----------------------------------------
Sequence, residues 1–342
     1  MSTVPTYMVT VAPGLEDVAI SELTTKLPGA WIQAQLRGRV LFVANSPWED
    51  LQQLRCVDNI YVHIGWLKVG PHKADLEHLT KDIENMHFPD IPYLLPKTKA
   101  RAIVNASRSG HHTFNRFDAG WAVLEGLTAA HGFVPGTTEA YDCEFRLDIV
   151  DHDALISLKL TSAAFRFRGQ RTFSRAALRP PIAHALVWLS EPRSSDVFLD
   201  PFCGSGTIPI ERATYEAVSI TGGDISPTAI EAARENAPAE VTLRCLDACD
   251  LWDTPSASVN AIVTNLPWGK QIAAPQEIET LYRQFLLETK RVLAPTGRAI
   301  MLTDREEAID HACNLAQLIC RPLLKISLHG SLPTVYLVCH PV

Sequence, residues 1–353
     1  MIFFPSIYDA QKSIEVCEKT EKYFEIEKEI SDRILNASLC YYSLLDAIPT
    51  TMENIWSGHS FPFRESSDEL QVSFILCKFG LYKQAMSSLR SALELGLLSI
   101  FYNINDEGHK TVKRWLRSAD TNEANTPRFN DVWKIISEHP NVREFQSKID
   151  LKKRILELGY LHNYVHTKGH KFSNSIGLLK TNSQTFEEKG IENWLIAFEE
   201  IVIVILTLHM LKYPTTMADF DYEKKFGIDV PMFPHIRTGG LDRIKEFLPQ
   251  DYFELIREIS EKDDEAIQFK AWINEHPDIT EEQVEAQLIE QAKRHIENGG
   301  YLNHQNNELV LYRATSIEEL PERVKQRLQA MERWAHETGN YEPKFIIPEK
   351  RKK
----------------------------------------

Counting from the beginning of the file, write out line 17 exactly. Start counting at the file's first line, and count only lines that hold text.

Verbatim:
   351  RKK